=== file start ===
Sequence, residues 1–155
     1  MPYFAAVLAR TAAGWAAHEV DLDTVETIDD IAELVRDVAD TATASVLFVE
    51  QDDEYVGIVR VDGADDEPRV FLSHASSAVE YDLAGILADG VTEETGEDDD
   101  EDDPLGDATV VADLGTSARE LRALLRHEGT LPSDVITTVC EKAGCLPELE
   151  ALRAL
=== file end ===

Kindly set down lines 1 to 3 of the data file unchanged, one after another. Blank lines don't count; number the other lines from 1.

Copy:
Sequence, residues 1–155
     1  MPYFAAVLAR TAAGWAAHEV DLDTVETIDD IAELVRDVAD TATASVLFVE
    51  QDDEYVGIVR VDGADDEPRV FLSHASSAVE YDLAGILADG VTEETGEDDD